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An inclusive learning environment in early childhood care and education: a participatory action learning and action research study.

dc.contributor.advisorHlalele, Dipane Joseph.
dc.contributor.authorMahadew, Ashnie.
dc.descriptionDoctoral Degree. University of KwaZulu-Natal, Durban.en_US
dc.description.abstractThis study sought to explore an inclusive learning environment in Early Childhood Care and Education (ECCE) using a participatory action learning and action research (PALAR) design. Situated in the ECCE context, the study attempts to address a significant gap in the literature by exploring inclusion in the under-researched ECCE sector. Using a PALAR design, this collaborative research also attempts to address a methodological gap by enabling the voice of and benefitting a marginalised sector in the education workforce. ECCE refers to the care and education of young children from birth to four years of age before formal schooling commences. In ECCE the learning environment has three components; the physical space where learning occurs, the temporal factors and the social factors. Firstly, the physical learning environment includes the various indoor and outdoor play areas. Secondly, the temporal learning environment comprises the timing and transitioning of the various activities. Thirdly, the social learning environment creates opportunities for socialisation between different role-players. With this in mind, the teacher skilfully tailors these three components to ensure that children have access to and are able to participate, achieve and are respected in the ECCE programme. Also significant is that this sector of education remains predominantly ‘unprofessionalised’ with little job security and low salaries. Thus, ECCE receives little government funding with vast discrepancies in the quality of education provision for the rich and the poor. Moreover, these ECCE centres are becoming increasingly diverse, and teachers grapple with the inclusion of children of diverse backgrounds and of varied identities, including gender, socio-economic status, language, ability and race, into the learning environment. With these varied identities in mind, this study adopts a broad view of inclusion that encompasses all diversities, not just disability or learning barriers. Additionally, there is no standardised or universal understanding of inclusion; hence many researchers concur that the concept of inclusion is broad and has varied meanings in varied contexts. Thus each ECCE centre would require a set of guidelines for inclusion that would apply to their unique context. Therefore, the focus of this study is to explore how a group of ECCE teachers and teacher trainers explore an inclusive learning environment in their unique context. The specific research objectives of the study are: • To explore the current situation regarding inclusive learning environments in ECCE • To explore how we create inclusive learning environments in ECCE • To explore why we need to create an inclusive learning environment in ECCE the way we do. Consequently, the above objectives provided an impetus for an eight-month-long, virtual learning participatory workshop held with six ECCE teachers and two ECCE teacher trainers. Using a PALAR methodology, data was gathered through a baseline checklist, purposeful conversations, photovoice, reflective drawings and reflective journals. PALAR research adopts a critical emancipatory research paradigm, which seeks to give voice and agency to practitioners in the field. The study is underpinned by critical theory and critical pedagogy that enables a ‘collective meaning-making’, resulting in greater epistemic justice throughout the research cycles. The generated data is interpreted and analysed using Critical Thematic Analysis (CTA) where data is interpreted using two levels of closed and open coding, to reveal emergent themes that are subsequently related to wider ideological issues. The research objectives inform three iterative cycles of planning, acting, observing and reflecting. Data generated in cycle one reveals a misunderstanding of inclusion, a need for conscientisation or personal awareness of hegemony in the learning environment, traditional teaching methods and a lack of relationship-building within role-players in the respective ECCE centres. The second learning cycle is informed by the second research objective and attempts to address the challenges revealed in cycle one. Consequently, cycle two, therefore, allowed for praxis – a product of iterative, collaborative reflection and action, with the co-researchers in an attempt to effect change in the learning environment. Themes in this cycle emphasised the removal of dominant ideologies regarding the concept of inclusion, greater conscientisation resulting in the removal of stereotyping and welcoming of all diversities. Cycle two also revealed an inclusive play-based pedagogical approach and ways to build relationships between all role-players at ECCE centres. The third cycle served as feedback sessions to the groups that assisted with synthesising the findings with deeper ideological issues. The study outlines a context-specific understanding of inclusion that could be applied to the broader ECCE sector. Findings reveal that inclusion is an inner journey that begins within teachers, resulting from their own levels of awareness or conscientisation. Becoming inclusive means removing current ways of being and doing and revisiting false beliefs enmeshed unknowingly in the hidden curriculum. It is a process of continuous examination, of unlearning and relearning that leads to action in the form of pedagogical practices and relationship building. This authentic and deep level of inclusion is not governed by policies but is a result of an inner urge for social justice, democracy and human rights for all. Inclusion is thus useful in achieving a more socially just ECCE learning environment. Seeing that ECCE is a critical period to form attitudes and values for life, this study also offers a commitment to social justice and equality concerning the wider world. With a paucity of research in the South African ECCE sector; this study should form a springboard for further research.en_US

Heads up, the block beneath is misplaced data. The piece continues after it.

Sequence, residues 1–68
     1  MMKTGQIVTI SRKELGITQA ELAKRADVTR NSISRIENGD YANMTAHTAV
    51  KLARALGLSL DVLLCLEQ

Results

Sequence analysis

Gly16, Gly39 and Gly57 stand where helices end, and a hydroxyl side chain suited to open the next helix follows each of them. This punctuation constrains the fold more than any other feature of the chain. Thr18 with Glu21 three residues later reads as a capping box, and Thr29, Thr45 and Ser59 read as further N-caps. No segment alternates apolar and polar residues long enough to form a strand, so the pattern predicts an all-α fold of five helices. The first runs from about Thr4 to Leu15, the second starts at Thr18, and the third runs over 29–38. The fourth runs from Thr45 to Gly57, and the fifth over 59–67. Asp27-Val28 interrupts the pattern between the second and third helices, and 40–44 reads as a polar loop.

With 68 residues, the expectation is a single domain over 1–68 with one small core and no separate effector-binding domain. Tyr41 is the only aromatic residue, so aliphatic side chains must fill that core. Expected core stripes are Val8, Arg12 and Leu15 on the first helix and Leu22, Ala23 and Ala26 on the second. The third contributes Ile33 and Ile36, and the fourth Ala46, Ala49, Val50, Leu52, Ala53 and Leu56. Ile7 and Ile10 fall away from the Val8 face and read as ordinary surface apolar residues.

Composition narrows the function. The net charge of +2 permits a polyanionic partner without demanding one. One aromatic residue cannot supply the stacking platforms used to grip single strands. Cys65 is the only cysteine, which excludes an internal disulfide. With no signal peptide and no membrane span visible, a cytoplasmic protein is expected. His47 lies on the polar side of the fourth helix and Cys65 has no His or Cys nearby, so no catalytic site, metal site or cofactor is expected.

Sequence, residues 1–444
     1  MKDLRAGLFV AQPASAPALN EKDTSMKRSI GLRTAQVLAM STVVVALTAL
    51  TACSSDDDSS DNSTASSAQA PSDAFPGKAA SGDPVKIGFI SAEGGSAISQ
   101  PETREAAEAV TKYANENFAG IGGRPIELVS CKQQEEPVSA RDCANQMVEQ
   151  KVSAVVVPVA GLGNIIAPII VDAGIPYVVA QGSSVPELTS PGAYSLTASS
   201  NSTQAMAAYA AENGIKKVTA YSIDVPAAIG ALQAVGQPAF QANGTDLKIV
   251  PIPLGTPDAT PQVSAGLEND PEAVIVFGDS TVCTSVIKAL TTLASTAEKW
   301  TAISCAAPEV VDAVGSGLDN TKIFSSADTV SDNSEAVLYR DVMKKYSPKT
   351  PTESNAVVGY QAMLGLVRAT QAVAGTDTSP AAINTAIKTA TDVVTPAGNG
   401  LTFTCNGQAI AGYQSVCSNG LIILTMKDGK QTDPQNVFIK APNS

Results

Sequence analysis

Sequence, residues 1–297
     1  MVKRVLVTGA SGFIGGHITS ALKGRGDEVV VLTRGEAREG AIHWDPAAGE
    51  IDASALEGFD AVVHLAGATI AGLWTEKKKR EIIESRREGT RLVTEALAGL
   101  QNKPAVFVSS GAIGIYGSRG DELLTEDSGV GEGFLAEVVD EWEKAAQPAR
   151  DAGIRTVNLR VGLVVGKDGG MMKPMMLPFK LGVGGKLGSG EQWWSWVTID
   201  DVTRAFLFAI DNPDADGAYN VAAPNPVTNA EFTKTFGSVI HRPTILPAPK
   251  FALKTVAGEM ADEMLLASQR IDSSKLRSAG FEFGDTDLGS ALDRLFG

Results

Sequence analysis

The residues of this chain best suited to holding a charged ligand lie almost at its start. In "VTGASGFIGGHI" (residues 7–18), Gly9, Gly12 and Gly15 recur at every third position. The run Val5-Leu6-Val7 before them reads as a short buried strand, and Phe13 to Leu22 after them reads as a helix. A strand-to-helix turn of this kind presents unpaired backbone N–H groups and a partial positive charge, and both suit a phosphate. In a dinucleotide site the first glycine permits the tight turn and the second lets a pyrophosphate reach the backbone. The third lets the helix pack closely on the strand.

dc.subject.otherInclusive learning environment.en_US
dc.subject.otherEarly childhood care and education.en_US
dc.subject.otherPhysical learning environment.en_US
dc.subject.otherTemporal learning environment.en_US
dc.subject.otherSocial learning environment.en_US
dc.titleAn inclusive learning environment in early childhood care and education: a participatory action learning and action research study.en_US